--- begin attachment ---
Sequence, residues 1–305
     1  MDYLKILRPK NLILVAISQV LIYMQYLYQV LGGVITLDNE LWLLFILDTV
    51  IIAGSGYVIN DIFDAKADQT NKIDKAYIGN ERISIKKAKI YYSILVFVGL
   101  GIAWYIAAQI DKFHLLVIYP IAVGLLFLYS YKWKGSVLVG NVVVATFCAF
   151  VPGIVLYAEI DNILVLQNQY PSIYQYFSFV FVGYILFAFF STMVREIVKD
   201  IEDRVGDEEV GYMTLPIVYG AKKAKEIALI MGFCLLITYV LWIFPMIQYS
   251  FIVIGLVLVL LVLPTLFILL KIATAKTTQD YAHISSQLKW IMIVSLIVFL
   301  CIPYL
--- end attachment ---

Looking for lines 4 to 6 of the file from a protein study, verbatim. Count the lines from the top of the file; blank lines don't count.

   101  GIAWYIAAQI DKFHLLVIYP IAVGLLFLYS YKWKGSVLVG NVVVATFCAF
   151  VPGIVLYAEI DNILVLQNQY PSIYQYFSFV FVGYILFAFF STMVREIVKD
   201  IEDRVGDEEV GYMTLPIVYG AKKAKEIALI MGFCLLITYV LWIFPMIQYS